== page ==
The centrality of horse racing to the culture of the nineteenth-century American South is well understood, but its interplay with the region’s defining institution has become less apparent through time. In Race Horse Men: How Slavery and Freedom Were Made at the Racetrack, historian Katherine Mooney reveals the ways in which the social and professional status of black jockeys and trainers rose and fell with the times, from relatively privileged positions in slavery, to a post-emancipation peak of celebrity, to a devastating collapse with the rise of Jim Crow. In tracing this history Mooney gives us capsule biographies of dozens of horse men, including Jimmy Winkfield, to this day one of only four jockeys ever to win the Kentucky Derby in consecutive years. With this year’s Derby upon us, we’ve excerpted Mooney’s telling of Winkfield’s story below.
Seasoned bettors figured they knew where to put their money in the 1903 Kentucky Derby. In 1901, nineteen-year-old Jimmy Winkfield had piloted His Eminence to victory. By the end of the year, the young man had established himself as a rider of “good judgment and cold nerve.” In 1902, Winkfield used those qualities in his Derby ride aboard the fragile Alan-a-Dale, a product of the breeding program at Ashland, where the talented young black horse man Courtney Matthews started the colts. Alan-a-Dale went to the lead early, and the other jockeys assumed the delicate-legged horse would fall back at the end. But Winkfield, intimately familiar with Churchill Downs from morning workouts, cagily kept his mount in the light footing along the inside rail, allowing stronger challengers to tire themselves in the deep sand in the middle of the track. When horse and rider went under the wire, Winkfield became the first jockey to win two consecutive Kentucky Derbys since Isaac Murphy in 1890 and 1891, a feat unequalled until Ron Turcotte rode Riva Ridge in 1972 and Secretariat in 1973. By 1903, Winkfield had cemented his reputation on all the tracks in the Midwest and the South, from Chicago to New Orleans. When he sought an unprecedented third Derby win in three years, Louisville railbirds knew to watch his mount, Early, the property of veteran Midwestern horse man Patrick Dunne.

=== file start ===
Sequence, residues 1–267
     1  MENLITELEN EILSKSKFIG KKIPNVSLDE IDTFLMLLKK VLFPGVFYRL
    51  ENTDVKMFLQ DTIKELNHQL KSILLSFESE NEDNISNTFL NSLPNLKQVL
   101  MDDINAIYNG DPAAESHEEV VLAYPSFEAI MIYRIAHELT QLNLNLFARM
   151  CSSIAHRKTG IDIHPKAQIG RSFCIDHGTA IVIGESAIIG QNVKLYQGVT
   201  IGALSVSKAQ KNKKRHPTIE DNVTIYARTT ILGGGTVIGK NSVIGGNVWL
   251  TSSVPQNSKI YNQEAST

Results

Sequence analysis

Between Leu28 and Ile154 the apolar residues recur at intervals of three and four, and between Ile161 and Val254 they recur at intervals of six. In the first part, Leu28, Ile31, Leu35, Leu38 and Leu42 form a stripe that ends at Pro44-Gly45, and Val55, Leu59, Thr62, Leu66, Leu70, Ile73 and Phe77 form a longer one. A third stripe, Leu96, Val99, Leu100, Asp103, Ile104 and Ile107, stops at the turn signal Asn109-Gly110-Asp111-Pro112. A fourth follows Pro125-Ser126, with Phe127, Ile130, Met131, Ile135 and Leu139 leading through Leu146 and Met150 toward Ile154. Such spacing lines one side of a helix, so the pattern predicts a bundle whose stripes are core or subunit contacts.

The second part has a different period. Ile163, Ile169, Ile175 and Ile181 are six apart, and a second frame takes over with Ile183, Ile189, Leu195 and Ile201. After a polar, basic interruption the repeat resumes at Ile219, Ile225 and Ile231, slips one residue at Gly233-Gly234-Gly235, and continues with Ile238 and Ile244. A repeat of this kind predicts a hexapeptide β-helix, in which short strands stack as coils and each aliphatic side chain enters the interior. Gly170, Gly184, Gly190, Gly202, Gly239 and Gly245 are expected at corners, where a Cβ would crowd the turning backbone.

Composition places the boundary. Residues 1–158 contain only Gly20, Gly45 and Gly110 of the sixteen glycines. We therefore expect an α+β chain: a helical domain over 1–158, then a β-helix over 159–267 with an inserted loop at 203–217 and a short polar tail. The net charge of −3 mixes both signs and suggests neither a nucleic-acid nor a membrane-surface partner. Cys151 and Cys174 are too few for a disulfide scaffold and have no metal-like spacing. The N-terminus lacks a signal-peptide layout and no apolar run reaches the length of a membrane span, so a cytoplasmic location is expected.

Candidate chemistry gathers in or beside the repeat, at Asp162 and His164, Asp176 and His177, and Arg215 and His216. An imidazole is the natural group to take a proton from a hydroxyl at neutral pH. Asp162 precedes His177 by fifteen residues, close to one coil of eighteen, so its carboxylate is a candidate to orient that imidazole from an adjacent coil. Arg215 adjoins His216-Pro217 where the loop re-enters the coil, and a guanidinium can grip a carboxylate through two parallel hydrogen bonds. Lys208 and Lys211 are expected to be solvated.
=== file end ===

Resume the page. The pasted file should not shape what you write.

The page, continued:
Turning for home, Winkfield took Early to the lead but left space on the rail for the long shot Judge Himes, ridden by a first-time Derby competitor, the white jockey Henry Booker. When Judge Himes slipped through the hole, Early could not hold him off. After the race, Winkfield, surrounded by reporters, slumped against the wall of the jockeys’ room and wept. Booker, recounting his victory, told the newspapermen about the moment he had brought his horse up even with Early: “Winkfield turned around at me and laughed. It was then that I was sure I did not have a chance. That nigger, I was sure, was trying to make a sucker out of me.” But Early did not have enough stamina to withstand the challenge, and Booker brought his horse surging to the lead. “I have got that nigger beat,” Booker recalled his thoughts for the writers. His grim satisfaction suffused his words. Jimmy Winkfield never rode in another Kentucky Derby, not because his skill had failed him, but because the track itself was changing profoundly, in ways that resounded in Booker’s well-publicized bigotry.